Meet Marie L. Muñiz, an undergrad UNT ecology major working in Dr. Elinor Lichtenberg's Animal-Plant Interactions Laboratory here on campus. The lab combines ecology and animal behavior to study plant-animal interactions, insect foraging, and insect biodiversity. They work at the interface of basic and applied science to help conserve and restore functional ecosystems, while providing fundamental understanding of the processes underlying and outcomes of interactions both within and among species.
Marie's research focuses on the foraging behavior of bumblebees. While bumblebees' use of social information from fellow bees has been widely explored, bees are not the only insects visiting flowers, and Marie's honors thesis research aims to explore how bumblebees use social information from a multitude of flower-visiting insects.
"Bumblebees are exposed to a wide array of information in a foraging landscape that can impact what flowers they choose to visit," she said. "Through the use of social information, the information obtained by observing other animals, bumblebees can gauge whether or not food is available from certain flowers."
Marie originally intended to study music at UNT, but decided to pursue ecology before starting her freshman year. She applied to work in Dr. Lichtenberg's lab on a whim, unsure of her specific research interests. After a year of caring for bees and running experiments, she decided to start her own project. To begin, she dove into literature already published on the topic. She admits this was a challenging task at first, but that it eventually got easier with the more articles she read.
"One thing I am grateful for was how helpful Dr. Lichtenberg was when first beginning this research," Marie said. "We would discuss relevant articles every week last summer, and she would guide me in what articles to look for and how to find them. Now, a year into the project, she encourages me to think through problems myself and collaborate with other lab mates."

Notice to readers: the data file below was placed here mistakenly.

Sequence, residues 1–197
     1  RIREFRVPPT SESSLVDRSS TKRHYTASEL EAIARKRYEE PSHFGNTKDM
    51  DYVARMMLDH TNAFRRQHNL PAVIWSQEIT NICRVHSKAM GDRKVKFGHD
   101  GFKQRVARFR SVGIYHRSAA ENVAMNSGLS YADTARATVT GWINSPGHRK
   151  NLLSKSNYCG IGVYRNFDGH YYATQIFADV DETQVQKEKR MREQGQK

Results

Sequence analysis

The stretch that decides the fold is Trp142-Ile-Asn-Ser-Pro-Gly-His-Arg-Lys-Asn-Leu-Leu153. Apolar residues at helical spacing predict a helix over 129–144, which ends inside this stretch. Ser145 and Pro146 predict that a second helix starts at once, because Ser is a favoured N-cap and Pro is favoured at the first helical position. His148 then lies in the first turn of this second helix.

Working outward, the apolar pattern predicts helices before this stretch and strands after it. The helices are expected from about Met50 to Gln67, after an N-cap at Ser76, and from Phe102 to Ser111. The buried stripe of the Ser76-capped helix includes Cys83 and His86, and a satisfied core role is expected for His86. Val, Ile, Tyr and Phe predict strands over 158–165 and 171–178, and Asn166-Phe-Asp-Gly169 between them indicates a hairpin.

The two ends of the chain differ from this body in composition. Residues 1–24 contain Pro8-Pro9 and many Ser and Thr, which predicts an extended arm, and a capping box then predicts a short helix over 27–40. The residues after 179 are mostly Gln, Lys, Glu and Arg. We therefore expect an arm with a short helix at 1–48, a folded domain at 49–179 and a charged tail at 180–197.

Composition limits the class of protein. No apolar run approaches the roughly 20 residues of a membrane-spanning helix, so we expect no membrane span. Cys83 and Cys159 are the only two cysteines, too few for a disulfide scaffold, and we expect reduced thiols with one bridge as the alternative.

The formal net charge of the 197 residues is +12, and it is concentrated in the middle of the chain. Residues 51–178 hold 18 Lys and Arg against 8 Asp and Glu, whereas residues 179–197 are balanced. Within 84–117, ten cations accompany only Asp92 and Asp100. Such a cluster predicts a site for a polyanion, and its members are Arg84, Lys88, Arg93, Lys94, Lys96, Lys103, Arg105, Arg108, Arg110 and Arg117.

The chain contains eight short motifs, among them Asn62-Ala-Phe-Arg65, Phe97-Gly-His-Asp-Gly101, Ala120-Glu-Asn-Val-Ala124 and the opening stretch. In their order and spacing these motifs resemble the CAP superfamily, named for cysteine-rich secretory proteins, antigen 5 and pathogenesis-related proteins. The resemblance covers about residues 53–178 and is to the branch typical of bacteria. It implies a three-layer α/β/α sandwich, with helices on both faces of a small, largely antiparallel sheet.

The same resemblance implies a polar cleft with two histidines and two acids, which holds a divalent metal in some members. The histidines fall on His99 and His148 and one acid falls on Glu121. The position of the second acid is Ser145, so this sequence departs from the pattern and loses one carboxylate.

One of those lab mates is Rob Whyle, a graduate student who is also working in the lab. Their hope is that his PhD work will build off Marie's, allowing them to delve deeper into the complicated foraging environment bumblebees can learn in. They have found that conducting the research is incredibly rewarding.
"A lot of the work, so far, has required me to actively problem solve and get crafty," said Marie. "I sort of have to think about things from the bee's perspective to get them to exhibit the behaviors I'm looking for and not anger them. When I do overcome little difficulties and the bees start responding positively, it is a gratifying feeling."
Marie regards her choice to attend UNT and join the ecology program as one of her "best decisions to date."
"The keen, helpful, and loving students, staff, and faculty involved in the UNT ecology program have made my time here worthwhile," she said.
Marie is still collecting data, but hopes to present her research at Scholars Day next spring and the Animal Behavior Society conference next summer. Her advice for other students curious about getting into research: "Lean into the topics you might be slightly interested in and take on any opportunities that are presented to you!"
For more information about Dr. Lichtenberg's laboratory, visit https://biology.unt.edu/lichtenberg-lab